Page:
Jones became Grand Treasurer General after Crowley removed George Macnie Cowie from the post in 1918. Crowley and Jones soon came to disagreement about the management of Order funds, Jones resigned from O.T.O. altogether in 1918. Crowley did not accept Jones' resignation, however, and Jones was eventually made Grand Master for North America by Theodor Reuss. Jones and the German initiate Heinrich Traenker were the Grand Masters who confirmed Crowley in his succession to the office of Outer Head of the O.T.O. in 1925.
Jones' organizing interests were never fired by O.T.O. after the early work of British Columbia Lodge. At Crowley's later request, Jones resigned from the office of National Grand Master General. Although Crowley formally expelled Jones from the Order in 1936, Jones nevertheless considered himself "Past Grand Master for the United States of America" until his death.
Involvement in "U.B."
In 1921, Jones joined the "Universal Brotherhood" (U.B.), also known to its members as the Integral Fellowship or as the Mahacakra Society (or M.), depending on their level of participation. This group had been actively recruiting among Theosophists for a decade or more, and Jones was one of a number of prominent Thelemites who eventually joined.
The methods of the U.B. involved one-to-one correspondence, with an elaborate set of rules regarding strict secrecy of instructions, envelopes-within-envelopes, purple typewriter ribbons, and special paperclips. Aspirants were provided with typescript lectures ("sutras") on metaphysical topics, using idiosyncratic terms like "integrality" and "partitivity." A system of alms provided for funds to be remitted back up the same chain down which these instructions descended. Organizational titles and pseudonyms in the U.B. were generally taken from Sanskrit. Few U.B. writings have become accessible to non-members, but those that have, taken with Jones' writings in the U.B. vein, suggest that their doctrines involved a baroquely intellectualized form of sentimental monotheism.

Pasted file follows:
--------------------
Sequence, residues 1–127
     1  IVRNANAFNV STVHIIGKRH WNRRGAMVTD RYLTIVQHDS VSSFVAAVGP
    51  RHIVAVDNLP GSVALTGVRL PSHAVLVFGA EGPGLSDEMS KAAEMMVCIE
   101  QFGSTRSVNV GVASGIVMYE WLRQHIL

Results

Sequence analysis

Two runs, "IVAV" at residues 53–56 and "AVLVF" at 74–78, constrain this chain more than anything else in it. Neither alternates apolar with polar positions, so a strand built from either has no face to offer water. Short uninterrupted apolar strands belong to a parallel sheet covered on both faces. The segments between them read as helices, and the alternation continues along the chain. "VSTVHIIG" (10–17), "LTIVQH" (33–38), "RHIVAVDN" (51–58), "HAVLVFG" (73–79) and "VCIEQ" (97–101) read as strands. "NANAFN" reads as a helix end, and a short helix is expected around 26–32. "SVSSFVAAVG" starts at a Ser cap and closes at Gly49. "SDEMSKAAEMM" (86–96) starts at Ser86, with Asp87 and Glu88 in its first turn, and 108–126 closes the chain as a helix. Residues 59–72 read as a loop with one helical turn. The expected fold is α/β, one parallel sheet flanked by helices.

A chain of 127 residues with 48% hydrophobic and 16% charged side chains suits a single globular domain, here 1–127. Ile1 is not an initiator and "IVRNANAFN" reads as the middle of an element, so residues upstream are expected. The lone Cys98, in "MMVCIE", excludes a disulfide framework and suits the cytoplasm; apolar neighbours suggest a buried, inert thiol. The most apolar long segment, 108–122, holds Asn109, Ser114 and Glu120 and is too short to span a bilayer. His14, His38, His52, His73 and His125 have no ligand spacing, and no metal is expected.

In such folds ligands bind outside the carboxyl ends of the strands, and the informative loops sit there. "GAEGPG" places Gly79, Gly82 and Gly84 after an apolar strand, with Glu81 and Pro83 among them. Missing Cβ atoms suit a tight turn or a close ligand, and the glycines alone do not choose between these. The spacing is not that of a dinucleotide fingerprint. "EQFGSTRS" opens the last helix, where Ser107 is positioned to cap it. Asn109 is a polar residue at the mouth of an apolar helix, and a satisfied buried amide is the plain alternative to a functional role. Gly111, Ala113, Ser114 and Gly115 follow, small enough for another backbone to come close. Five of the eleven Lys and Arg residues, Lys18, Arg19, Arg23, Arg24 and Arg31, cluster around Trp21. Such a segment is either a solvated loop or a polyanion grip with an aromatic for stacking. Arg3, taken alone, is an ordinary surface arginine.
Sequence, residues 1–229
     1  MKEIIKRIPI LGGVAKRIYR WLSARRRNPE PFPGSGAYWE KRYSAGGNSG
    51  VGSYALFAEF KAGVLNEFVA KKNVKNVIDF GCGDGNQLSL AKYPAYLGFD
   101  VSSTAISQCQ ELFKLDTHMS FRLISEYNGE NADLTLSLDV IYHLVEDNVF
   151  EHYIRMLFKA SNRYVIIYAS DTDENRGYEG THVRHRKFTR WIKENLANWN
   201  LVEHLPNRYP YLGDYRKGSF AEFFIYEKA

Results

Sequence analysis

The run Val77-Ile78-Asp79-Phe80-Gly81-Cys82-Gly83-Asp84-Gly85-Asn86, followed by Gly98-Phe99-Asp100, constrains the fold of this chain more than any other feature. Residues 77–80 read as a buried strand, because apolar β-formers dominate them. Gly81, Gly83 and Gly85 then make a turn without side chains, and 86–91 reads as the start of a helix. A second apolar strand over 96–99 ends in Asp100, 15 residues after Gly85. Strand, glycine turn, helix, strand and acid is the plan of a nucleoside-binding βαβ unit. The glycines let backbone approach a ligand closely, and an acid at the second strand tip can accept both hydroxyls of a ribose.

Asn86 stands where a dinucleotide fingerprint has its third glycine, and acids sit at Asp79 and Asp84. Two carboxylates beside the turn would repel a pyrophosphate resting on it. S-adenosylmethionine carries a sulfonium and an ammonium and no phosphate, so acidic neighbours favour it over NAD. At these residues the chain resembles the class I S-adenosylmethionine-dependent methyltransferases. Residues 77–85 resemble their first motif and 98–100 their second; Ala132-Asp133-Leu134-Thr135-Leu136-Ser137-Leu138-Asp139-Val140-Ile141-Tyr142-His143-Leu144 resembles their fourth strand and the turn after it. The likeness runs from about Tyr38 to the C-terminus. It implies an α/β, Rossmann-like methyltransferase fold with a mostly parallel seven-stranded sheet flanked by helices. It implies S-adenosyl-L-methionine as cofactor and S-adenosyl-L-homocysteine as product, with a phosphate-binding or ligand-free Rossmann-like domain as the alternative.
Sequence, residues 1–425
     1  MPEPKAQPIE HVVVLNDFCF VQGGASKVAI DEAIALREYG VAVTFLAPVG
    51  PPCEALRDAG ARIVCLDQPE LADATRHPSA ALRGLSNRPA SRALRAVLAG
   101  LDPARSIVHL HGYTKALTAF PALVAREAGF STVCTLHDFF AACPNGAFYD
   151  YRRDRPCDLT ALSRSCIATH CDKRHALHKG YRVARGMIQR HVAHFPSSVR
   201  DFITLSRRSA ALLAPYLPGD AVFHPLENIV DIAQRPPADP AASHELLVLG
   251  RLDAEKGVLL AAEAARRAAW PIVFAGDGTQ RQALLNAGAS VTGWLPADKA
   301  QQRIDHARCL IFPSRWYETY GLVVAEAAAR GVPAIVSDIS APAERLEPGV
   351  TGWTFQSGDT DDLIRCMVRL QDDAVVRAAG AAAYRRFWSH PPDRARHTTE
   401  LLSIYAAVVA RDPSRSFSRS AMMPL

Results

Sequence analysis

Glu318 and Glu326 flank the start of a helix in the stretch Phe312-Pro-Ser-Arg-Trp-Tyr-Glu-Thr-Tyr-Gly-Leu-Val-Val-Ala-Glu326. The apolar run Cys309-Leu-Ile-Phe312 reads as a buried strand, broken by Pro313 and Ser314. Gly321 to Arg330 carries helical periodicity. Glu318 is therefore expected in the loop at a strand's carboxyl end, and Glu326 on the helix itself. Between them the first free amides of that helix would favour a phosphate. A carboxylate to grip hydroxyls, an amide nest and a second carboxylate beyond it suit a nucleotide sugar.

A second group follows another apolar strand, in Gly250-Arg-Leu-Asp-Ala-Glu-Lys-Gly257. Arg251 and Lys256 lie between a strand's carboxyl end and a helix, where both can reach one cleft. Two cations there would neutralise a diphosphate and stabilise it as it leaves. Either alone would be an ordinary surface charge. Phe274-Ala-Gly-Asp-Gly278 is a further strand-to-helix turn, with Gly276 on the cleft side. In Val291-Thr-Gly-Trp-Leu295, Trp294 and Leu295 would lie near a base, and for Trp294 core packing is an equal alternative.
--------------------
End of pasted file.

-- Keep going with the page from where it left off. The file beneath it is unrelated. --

In 1924, Jones was superintending about 70 members of U.B., and he formed a plan for subsuming Thelema into the U.B. as a Grama or "Integral Body," which would perpetuate some O.T.O. and A.'.A.'. materials "in their pure form." He communicated this idea to Wilfred T. Smith, who was at that time his subordinate in both the U.B. and A.'.A.'., but Smith's interest in the U.B. was slight and waning.
Annie Besant, as head of the Theosophical Society, strictly forbade cross-membership in the U.B. As Crowley became aware of the involvement of his followers, he likewise denounced the U.B., calling it a "swindle" in correspondence with Jones. Many of those who left the Theosophical Society for the U.B. under pressure from Besant later converted to Roman Catholicism.
In 1928, Jones himself became a Roman Catholic, undergoing baptism and confirmation into the laity of that church. At roughly the same time, he succeeded to the U.B. office of Mahaguru, thus becoming the chief of that organization. Jones continued to hold that office, apparently until his death. Jones was succeeded as Mahaguru by John P. Kowal (1900-1978).
The true aims of the U.B. remain obscure, but it has been accused by Wilfred T. Smith, among others, of acting as a front for Roman Catholic infiltration of occult groups; and by former member Paul Foster Case of being inspired by the Bavarian Illuminati. Mahaguru John P. Kowal told Martin Starr that its purpose was "to make men think."